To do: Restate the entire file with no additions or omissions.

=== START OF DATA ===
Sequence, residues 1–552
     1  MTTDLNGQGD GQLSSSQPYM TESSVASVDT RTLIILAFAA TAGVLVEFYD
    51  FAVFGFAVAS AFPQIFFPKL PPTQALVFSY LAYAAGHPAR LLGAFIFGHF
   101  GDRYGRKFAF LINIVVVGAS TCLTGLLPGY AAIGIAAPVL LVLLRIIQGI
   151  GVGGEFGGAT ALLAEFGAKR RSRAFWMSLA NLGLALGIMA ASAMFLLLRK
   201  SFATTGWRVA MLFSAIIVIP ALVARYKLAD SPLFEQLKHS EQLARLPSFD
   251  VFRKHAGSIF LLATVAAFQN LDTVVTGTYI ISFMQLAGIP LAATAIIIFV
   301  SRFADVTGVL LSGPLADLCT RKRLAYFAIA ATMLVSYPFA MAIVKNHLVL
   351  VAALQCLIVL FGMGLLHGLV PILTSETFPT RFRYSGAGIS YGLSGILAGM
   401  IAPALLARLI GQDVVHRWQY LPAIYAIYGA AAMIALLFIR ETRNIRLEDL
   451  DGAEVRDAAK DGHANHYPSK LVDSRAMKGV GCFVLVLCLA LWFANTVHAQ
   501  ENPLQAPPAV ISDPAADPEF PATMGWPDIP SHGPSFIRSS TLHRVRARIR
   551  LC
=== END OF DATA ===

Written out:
Sequence, residues 1–552
     1  MTTDLNGQGD GQLSSSQPYM TESSVASVDT RTLIILAFAA TAGVLVEFYD
    51  FAVFGFAVAS AFPQIFFPKL PPTQALVFSY LAYAAGHPAR LLGAFIFGHF
   101  GDRYGRKFAF LINIVVVGAS TCLTGLLPGY AAIGIAAPVL LVLLRIIQGI
   151  GVGGEFGGAT ALLAEFGAKR RSRAFWMSLA NLGLALGIMA ASAMFLLLRK
   201  SFATTGWRVA MLFSAIIVIP ALVARYKLAD SPLFEQLKHS EQLARLPSFD
   251  VFRKHAGSIF LLATVAAFQN LDTVVTGTYI ISFMQLAGIP LAATAIIIFV
   301  SRFADVTGVL LSGPLADLCT RKRLAYFAIA ATMLVSYPFA MAIVKNHLVL
   351  VAALQCLIVL FGMGLLHGLV PILTSETFPT RFRYSGAGIS YGLSGILAGM
   401  IAPALLARLI GQDVVHRWQY LPAIYAIYGA AAMIALLFIR ETRNIRLEDL
   451  DGAEVRDAAK DGHANHYPSK LVDSRAMKGV GCFVLVLCLA LWFANTVHAQ
   501  ENPLQAPPAV ISDPAADPEF PATMGWPDIP SHGPSFIRSS TLHRVRARIR
   551  LC